WASHINGTON DC – The Senate easily passed a bipartisan Safer Communities Act Thursday night that seemed unthinkable just a month ago, paving the way for final passage in the Senate. House of what will be the most far-reaching response by lawmakers in decades to the nation’s spate of brutal mass shootings.
After learning of the decision, President Joe Biden recalled that when he was in Uvalde, Texas, he heard a clear message from the families who were asking him for something to curb the use of weapons and from that moment he promoted that desire: “enough is enough, this time we have to do something”.
“With the bipartisan closing vote in the Senate, I’m pleased to see that Congress has come much closer to finally doing something: passing bipartisan legislation that will help protect Americans,” he said.
“Our children in schools and our communities will be safer because of this legislation. I’m calling on Congress to finish the job and put this bill on my desk.”
The bill comes after years of GOP procedural delays that derailed Democratic efforts to curb guns, with Democrats and some Republicans deciding congressional inaction was untenable after last month’s shootings. in New York and Texas.
It was weeks of closed-door talks, but a group of senators from both parties emerged with a compromise that embodies an incremental but impactful move to stem the bloodshed that has come to shock, but no longer surprise, the nation.
WHAT THE BILL CONSISTS OF
The $13 billion measure would toughen background checks for younger gun buyers, deny more domestic violence offenders access to firearms, and help states implement flag laws that make it easier for authorities to seize firearms. people considered dangerous. It would also fund local programs for school safety, mental health and violence prevention.
The election-year package fell far short of the tougher gun restrictions Democrats have sought for years, including bans on assault weapons and high-capacity ammunition magazines used in the killings in Buffalo, New York, and Uvalde, Texas.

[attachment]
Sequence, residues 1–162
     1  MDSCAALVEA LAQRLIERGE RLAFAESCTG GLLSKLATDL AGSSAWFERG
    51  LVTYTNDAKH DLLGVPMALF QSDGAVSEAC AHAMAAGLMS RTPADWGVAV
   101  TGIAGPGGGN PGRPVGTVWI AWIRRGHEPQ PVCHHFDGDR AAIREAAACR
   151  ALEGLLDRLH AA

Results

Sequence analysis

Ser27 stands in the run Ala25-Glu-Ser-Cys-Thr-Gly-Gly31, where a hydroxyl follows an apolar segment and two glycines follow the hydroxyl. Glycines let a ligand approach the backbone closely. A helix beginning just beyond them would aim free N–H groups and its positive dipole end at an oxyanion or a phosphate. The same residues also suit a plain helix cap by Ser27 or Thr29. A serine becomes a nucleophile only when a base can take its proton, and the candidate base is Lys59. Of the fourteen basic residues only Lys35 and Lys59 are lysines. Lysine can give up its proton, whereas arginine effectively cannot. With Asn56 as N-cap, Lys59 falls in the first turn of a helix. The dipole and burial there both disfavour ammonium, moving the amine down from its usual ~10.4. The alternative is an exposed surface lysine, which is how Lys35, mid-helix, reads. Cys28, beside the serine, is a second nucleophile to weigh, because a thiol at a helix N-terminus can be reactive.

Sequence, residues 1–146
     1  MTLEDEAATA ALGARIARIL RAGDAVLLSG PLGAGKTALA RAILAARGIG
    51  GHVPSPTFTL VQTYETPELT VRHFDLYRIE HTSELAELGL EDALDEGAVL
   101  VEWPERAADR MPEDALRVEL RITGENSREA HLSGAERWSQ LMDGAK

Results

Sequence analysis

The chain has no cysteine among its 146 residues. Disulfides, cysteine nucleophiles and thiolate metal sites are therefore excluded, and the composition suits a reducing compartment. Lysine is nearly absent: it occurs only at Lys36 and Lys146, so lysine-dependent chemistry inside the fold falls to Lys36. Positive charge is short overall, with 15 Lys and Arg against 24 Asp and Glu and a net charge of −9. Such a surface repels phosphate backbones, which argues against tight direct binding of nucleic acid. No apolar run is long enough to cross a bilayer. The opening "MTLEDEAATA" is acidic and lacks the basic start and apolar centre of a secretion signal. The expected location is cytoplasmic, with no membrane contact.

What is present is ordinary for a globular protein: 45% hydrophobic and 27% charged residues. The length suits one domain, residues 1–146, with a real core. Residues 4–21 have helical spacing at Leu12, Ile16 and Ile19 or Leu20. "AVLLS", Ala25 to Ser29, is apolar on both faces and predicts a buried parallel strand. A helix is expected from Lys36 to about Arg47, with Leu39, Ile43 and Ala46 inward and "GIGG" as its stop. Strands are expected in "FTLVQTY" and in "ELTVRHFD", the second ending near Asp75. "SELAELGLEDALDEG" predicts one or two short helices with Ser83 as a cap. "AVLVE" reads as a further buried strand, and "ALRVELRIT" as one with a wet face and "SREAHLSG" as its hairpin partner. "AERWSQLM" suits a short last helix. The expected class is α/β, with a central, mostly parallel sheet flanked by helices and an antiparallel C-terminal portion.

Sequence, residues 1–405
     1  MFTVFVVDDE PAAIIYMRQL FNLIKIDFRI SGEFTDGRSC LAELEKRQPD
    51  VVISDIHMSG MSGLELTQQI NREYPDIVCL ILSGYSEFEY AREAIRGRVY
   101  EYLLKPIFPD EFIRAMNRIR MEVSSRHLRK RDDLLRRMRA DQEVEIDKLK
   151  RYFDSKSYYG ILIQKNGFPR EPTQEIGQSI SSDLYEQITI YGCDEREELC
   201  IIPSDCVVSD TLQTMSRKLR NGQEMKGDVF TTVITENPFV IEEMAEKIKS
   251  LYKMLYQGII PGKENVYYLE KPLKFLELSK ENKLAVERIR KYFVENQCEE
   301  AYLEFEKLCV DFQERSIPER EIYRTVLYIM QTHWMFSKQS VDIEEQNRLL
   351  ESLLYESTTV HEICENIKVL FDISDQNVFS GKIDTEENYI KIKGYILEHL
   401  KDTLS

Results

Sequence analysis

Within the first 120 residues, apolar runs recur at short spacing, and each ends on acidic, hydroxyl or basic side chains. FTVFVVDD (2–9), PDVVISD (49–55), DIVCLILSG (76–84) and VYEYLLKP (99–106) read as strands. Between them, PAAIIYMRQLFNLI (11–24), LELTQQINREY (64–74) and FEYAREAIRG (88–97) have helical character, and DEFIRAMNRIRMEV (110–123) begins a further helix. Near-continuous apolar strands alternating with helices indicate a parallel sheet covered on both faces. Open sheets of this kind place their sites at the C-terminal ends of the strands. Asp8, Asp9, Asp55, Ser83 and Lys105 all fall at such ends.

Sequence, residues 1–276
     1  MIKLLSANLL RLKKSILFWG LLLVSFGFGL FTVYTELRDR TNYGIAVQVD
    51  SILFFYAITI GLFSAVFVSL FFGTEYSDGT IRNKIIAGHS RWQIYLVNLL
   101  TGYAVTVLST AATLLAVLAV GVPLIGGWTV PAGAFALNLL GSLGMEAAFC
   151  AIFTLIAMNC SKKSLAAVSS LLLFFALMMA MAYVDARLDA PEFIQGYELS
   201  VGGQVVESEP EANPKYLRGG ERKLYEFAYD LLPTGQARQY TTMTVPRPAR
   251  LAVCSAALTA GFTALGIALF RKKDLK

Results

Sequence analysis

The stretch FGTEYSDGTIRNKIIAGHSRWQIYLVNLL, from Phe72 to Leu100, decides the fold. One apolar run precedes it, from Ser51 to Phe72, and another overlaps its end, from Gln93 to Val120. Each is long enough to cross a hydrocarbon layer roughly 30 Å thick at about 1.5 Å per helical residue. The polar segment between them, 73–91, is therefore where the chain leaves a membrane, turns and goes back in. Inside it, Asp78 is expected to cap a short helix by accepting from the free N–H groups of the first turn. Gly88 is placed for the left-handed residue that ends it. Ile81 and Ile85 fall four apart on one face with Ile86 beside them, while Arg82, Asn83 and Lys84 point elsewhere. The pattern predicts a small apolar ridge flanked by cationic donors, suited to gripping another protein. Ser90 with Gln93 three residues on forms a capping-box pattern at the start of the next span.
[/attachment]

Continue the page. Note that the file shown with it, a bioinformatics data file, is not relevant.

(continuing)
Parents and relatives of the Uvalde, Texas, school shooting have once again questioned the role of the police during the massacre.
However, the deal allows leaders of both parties to declare victory and show voters that they know how to compromise and make government work, while leaving room for each side to attract its core supporters.
“This is not a panacea for all the ways gun violence affects our nation,” said Senate Majority Leader Chuck Schumer, a Democrat from New York, whose party has made gun restrictions a goal. during decades. “But it is a very backward step in the right direction. Passing this gun safety bill is really important and will save lives.”
Senate Minority Leader Mitch McConnell, R-Kentucky, in a nod to the Second Amendment right to bear arms that drives many conservative voters, said “the American people want their constitutional rights protected and their Children are safe at school. He said they “want both at once, and that is just what the bill before the Senate will have accomplished.”
The day was bittersweet for advocates of reducing gun violence. Underscoring the enduring power of conservative opinion, the right-leaning Supreme Court has issued a decision expanding the right of Americans to bear arms in public. The justices struck down a New York law that requires people to prove a need to carry a gun before getting a license to do so.
Loigrand De Angelis explained his point of view after the Supreme Court’s decision against the New York state gun law.
HOW WAS THE VOTING
The vote on the final bill was 65 in favor and 33 against.
Hours earlier, senators voted 65-34 to end a filibuster by conservative Republican senators. That was five more than the 60-vote threshold needed. The House planned to vote on the measure on Friday and approval seemed certain.
In that vote, 15 Senate Republicans joined 50 Democrats, including their two independent allies, in voting to advance the legislation.
However, that vote highlighted the risks Republicans face in challenging the party’s pro-gun voters and firearms groups like the National Rifle Association. Senators Lisa Murkowski of Alaska and Todd Young of Indiana were the only two of 15 candidates for re-election this fall. Of the rest, four retire and eight do not face voters until 2026.
Tellingly, the Republican senators who voted “no” included potential 2024 presidential contenders like Tom Cotton of Arkansas, Ted Cruz of Texas, Josh Hawley of Missouri and Tim Scott of South Carolina. Some of the party’s most conservative members also voted “no,” including Senators Rand Paul of Kentucky and Mike Lee of Utah.
While the Senate move was a clear step forward, the prospect of continued movement in Congress on gun restrictions is bleak.
Fewer than a third of the Senate’s 50 Republican senators backed the measure, and Republican opposition is sure to be strong in the House. Top House Republicans urged a “no” vote in an email from the No. 2 Republican leader, Rep. Steve Scalise of Louisiana, who called the bill “an effort to slowly undermine the Second Amendment rights of law-abiding citizens.
Both chambers, now tightly controlled by Democrats, could well be run by the GOP after the November midterm elections.
There are 120 weapons for every 100 inhabitants.